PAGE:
The Document Foundation on Sunday announced the availability of the first release candidate of LibreOffice, marking the approach of the first stable version of the brand-new open source productivity suite. The new release candidate is now available for download for Linux, Windows and Mac OS X.
The release is not yet intended for production systems, as there are still some known issues. Nevertheless, it’s the closest look we’ve had at the software since The Document Foundation announced its “fork” of the popular OpenOffice.org package.
Many of the major Linux distributions will be replacing OpenOffice with LibreOffice once the final release is available, so there’s no better time to check out the new software. Here are just a few reasons why you should.
- It is Powerful. Based on OpenOffice.org 3.3 for which Oracle just released a seventh release candidate, LibreOffice 3.3 adds numerous improvements that make the new office productivity suite especially attractive to business users.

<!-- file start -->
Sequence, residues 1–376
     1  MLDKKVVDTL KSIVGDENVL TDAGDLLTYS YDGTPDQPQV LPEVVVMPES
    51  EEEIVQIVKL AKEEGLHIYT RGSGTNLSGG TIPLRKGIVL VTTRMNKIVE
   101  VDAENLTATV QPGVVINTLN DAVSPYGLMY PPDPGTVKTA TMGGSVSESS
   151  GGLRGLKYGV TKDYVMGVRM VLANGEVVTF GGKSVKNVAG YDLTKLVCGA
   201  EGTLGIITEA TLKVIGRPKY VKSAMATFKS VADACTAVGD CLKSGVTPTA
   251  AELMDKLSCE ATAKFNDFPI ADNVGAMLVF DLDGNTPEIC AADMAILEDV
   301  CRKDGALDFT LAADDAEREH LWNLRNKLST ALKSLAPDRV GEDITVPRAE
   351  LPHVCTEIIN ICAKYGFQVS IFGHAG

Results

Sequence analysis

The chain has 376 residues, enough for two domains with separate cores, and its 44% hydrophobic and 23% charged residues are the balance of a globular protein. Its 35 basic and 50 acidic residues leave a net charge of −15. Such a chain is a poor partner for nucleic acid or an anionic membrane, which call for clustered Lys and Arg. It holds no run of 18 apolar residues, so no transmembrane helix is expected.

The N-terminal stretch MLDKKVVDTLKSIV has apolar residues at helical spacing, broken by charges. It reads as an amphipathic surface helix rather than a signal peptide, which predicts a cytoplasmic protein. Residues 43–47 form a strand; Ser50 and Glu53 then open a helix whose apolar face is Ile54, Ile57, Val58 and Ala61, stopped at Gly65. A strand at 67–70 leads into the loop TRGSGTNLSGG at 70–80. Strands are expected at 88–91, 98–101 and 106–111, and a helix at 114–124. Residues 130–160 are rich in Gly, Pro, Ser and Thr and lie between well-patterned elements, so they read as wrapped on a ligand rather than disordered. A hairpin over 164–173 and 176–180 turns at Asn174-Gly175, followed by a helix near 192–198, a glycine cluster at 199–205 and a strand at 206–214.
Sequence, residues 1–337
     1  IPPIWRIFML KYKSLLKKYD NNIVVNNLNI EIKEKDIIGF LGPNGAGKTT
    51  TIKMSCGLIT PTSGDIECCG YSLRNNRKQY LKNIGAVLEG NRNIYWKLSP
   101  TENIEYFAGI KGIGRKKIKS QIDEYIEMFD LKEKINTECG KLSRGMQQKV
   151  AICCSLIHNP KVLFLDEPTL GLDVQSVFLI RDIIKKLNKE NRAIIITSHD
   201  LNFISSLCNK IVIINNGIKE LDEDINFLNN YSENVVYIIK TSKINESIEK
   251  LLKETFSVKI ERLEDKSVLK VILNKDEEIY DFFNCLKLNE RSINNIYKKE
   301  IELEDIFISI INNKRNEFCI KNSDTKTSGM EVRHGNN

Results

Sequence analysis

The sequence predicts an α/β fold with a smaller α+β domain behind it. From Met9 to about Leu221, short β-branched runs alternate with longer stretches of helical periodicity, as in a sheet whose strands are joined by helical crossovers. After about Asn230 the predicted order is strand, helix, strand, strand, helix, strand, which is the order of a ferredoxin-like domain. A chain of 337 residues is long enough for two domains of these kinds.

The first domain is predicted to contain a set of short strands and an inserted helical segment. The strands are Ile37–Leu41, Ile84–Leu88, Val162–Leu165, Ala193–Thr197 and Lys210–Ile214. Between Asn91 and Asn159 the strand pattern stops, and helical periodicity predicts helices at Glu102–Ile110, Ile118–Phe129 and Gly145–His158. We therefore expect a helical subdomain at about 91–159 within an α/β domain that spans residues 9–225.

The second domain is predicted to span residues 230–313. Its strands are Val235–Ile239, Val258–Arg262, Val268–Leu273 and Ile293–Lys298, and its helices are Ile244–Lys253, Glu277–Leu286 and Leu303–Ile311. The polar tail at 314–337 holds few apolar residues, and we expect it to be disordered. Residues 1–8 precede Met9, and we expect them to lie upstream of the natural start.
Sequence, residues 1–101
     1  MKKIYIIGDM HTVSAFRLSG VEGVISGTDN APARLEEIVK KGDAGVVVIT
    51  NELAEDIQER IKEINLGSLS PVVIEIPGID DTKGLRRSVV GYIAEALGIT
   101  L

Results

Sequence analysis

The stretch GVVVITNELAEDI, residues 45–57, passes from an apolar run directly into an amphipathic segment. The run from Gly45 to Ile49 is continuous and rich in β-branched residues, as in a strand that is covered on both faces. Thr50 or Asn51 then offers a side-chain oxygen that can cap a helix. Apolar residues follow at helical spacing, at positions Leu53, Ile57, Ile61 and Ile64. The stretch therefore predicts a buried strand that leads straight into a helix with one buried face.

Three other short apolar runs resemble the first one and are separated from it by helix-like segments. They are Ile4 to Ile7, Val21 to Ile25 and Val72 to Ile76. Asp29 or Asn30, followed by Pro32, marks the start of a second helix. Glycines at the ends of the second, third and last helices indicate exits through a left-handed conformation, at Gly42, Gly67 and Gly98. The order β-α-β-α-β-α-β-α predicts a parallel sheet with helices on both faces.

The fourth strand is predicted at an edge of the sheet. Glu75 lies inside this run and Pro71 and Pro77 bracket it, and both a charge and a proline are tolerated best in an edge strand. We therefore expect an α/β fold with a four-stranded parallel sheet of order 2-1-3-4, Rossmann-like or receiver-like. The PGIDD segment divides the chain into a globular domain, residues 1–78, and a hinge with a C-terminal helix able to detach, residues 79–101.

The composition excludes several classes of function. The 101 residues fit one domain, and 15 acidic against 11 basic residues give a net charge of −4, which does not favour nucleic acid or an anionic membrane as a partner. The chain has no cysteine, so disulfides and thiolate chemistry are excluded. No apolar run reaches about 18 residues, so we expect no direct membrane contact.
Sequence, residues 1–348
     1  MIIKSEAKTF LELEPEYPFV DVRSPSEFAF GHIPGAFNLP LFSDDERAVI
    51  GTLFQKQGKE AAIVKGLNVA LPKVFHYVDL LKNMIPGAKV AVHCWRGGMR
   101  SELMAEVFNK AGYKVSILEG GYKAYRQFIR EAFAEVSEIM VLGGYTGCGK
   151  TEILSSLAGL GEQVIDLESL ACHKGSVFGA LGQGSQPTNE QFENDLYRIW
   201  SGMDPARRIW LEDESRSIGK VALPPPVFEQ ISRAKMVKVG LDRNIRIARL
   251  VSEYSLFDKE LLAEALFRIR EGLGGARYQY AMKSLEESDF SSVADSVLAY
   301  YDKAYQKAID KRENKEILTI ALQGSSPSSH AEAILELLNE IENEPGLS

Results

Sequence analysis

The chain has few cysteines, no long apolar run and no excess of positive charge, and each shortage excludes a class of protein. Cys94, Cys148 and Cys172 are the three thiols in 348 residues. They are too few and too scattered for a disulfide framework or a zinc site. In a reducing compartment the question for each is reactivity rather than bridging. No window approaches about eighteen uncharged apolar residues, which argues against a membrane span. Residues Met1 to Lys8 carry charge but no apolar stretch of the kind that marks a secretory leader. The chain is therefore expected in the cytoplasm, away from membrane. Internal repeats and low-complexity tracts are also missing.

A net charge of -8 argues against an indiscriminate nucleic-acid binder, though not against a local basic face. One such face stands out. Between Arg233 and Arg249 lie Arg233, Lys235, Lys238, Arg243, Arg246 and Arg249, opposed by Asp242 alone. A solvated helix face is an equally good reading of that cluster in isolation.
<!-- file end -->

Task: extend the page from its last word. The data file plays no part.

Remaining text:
- It is Free of Oracle. Ever since Oracle acquired Sun Microsystems early this year, there has been considerable concern over the future of OpenOffice.org as well as the other open source projects Oracle inherited in the process.
- It is Free. As with all free and open source software, LibreOffice is not just free of corporate control, it’s also free of cost. You can download and test out the productivity suite at will, with no financial commitment.
- It is Just the Beginning. LibreOffice 3.3 already promises to be a better and more stable version of OpenOffice.org, specifically aiming to let users focus on the contents of their documents rather than having to worry about the mechanics of the software, as steering committee member Charles Schulz recently pointed out.